Federalism

OVERVIEW

Federalism is a system of government in which the same territory is controlled by two levels of government. Generally, an overarching national government is responsible for the federal governance, governing the issues that affect the entire country, while the smaller subdivisions, states, and cities, govern the issues of local concern. Both the national government and the smaller political subdivisions have the power to make laws and both have a certain level of autonomy from each other. The United States has a federal system of governance consisting of the national or federal government, and the government of the individual states.  In the United States, the Constitution has established a system of “dual sovereignty,” under which the States have surrendered many of their powers to the Federal Government, but also retained a “residuary and inviolable sovereignty.”  See Gregory v. Ashcroft, 501 U.S. 452, 457 (1991); See Lane Cty v. Oregon, 74 U.S. 71, 76 (1869).

Much of the current U.S. Federalism has been developed as a reaction to the failures of the Articles of Confederation, which persuaded the Framers that using States as instruments of national governance was ineffectual and provocative of conflict between the states and national government.  See Printz v. U.S., 521 U.S. 898, 920 (1997).  The Framers rejected the concept of a central government that would act upon and through the States, and instead, designed a system of dual governance and dual sovereignty, in which the States and the Federal Government would exercise concurrent authority over the people.  While the Constitution limits the powers of the Congress and the powers of the States by placing substantive due process and procedural due process restrictions on both governments, the Constitution gives Congress not the power to regulate states, but only individuals. See New York v. United States, 505 U.S. 144 (1992). 

The U.S. Constitution grants the federal government with power over issues of national concern, while the state governments, generally, have jurisdiction over issues of domestic concern. While the federal government can enact laws governing the entire country, its powers are enumerated, or limited; it only has the specific powers allotted to it in the Constitution. For example, Article I, Section 8 of the Constitution grants Congress the power to levy taxes, mint money, declare war, establish post offices, and punish piracies on the high seas. Any action by the federal government must fall within one of the powers enumerated in the Constitution. For example, the federal government can regulate interstate commerce pursuant to the Commerce Clause of the Constitution but has no power to regulate commerce that occurs only within a single state.  The commerce clause has been interpreted very broadly by the Supreme Court, see e.g. Gonzales v. Raich, 545 U.S. 1 (2005) (upholding federal regulation of intrastate marijuana production under grounds that even the intrastate production of a good could affect interstate commercial scheme) and has been thought as one of the broadest base of Congressional powers.  The second broadest base of congressional powers is its power to tax and subsidize.  By giving grants or subsidies to state governments with conditions for the grant, the federal government can often induce the state government to cooperate with federal agenda.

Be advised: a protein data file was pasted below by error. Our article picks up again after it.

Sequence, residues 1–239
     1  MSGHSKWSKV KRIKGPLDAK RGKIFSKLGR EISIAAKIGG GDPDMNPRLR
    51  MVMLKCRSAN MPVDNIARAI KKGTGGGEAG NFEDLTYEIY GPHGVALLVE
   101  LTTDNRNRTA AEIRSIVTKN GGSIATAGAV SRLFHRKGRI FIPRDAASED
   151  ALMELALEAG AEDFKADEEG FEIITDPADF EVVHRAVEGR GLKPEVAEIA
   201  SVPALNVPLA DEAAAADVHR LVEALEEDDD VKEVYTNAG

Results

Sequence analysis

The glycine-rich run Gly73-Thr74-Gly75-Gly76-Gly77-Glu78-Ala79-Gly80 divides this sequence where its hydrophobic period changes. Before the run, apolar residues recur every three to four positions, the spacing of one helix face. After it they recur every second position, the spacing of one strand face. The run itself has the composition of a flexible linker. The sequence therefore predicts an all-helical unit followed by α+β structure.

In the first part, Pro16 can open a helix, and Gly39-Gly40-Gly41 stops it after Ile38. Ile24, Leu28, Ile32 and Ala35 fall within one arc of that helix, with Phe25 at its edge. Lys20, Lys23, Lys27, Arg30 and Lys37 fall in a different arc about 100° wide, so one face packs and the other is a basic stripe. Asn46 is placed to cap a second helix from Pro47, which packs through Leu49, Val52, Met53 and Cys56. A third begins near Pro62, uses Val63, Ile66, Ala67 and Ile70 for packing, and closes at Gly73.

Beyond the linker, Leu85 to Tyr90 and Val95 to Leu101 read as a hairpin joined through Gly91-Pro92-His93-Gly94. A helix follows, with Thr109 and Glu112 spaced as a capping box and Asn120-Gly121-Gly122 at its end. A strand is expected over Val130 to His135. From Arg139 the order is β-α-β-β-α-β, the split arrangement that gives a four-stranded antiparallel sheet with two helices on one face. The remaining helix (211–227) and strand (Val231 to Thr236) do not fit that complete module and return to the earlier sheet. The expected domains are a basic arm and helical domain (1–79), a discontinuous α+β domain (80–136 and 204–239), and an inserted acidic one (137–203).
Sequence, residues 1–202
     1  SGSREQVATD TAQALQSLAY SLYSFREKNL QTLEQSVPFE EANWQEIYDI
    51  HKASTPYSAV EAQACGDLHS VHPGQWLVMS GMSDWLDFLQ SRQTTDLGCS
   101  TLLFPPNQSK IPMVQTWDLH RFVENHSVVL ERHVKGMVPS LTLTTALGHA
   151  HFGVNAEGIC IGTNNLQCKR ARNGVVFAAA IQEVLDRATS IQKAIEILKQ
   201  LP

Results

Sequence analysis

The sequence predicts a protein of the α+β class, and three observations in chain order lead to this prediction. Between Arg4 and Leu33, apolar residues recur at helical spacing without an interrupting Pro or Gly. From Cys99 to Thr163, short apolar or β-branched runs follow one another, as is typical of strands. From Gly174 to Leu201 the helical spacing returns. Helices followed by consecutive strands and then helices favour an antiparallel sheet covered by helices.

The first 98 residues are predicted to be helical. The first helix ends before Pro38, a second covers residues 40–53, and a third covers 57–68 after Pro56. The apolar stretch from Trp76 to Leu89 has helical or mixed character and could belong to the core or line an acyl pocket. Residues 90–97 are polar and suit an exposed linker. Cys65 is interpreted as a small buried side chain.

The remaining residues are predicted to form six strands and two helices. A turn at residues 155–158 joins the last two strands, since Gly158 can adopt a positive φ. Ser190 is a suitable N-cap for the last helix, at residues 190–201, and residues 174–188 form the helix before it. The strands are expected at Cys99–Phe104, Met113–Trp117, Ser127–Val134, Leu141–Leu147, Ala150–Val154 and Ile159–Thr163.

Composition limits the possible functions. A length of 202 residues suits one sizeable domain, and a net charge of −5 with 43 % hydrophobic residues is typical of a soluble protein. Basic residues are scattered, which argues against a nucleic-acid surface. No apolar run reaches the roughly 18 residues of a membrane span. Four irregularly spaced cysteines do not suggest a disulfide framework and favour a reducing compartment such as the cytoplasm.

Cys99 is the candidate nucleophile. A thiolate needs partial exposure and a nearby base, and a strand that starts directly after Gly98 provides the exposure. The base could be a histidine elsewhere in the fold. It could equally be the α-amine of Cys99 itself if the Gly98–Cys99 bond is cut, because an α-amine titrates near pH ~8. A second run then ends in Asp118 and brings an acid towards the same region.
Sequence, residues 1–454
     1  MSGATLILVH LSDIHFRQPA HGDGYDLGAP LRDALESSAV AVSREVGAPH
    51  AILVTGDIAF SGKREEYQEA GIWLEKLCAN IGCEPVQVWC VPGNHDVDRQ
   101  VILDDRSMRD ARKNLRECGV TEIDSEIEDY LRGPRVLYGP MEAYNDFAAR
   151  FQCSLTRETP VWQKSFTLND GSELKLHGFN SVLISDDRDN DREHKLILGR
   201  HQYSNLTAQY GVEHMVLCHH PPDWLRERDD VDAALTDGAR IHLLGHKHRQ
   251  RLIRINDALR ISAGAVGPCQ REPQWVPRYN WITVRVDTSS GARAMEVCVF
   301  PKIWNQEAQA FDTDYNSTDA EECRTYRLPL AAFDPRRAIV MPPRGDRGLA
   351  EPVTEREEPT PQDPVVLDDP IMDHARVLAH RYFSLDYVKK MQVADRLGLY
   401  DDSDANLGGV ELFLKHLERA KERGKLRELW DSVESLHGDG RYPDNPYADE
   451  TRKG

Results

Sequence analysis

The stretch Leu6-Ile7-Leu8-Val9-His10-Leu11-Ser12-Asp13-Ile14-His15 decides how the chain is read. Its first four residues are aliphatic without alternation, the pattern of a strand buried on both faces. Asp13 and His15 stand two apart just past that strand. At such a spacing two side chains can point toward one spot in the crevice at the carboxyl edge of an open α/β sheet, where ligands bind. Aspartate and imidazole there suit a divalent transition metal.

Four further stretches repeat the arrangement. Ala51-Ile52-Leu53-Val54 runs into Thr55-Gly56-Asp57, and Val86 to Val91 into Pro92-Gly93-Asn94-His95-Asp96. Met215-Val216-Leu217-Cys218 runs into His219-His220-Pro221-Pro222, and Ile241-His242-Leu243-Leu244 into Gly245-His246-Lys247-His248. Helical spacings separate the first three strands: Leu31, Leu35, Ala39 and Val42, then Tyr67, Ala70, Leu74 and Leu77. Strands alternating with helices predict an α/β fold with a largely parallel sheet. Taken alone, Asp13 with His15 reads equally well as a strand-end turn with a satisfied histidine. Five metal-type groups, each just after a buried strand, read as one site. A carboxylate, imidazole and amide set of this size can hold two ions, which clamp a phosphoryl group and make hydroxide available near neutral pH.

The amount of power exercised by the federal government is dependent upon how the various provisions of the Constitution are interpreted. For example, the U.S. Supreme Court expanded the powers of the federal government when it construed federal powers to include those “necessary and proper” to affect the legislation passed by Congress. McCulloch v. Maryland, 17 U.S. 316 (1819). This construction allows the federal government to exercise power ancillary to those specifically listed in the Constitution, provided the exercise of those powers does not conflict with another Constitutional provision.

In contrast, state power is not limited to express grants of power. Instead, under the Tenth Amendment of the Constitution, States have all powers that are not specifically granted to the federal government, or forbidden to them under the Constitution. For example, although the Constitution grants the federal government the power to tax, state governments are also able to levy taxes to support themselves, because that power is not forbidden to them by the Constitution. State governments manage matters of local concern, such as child protective services, public schools, and road maintenance and repair.

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Last Edited by Jonathan Kim, June 2017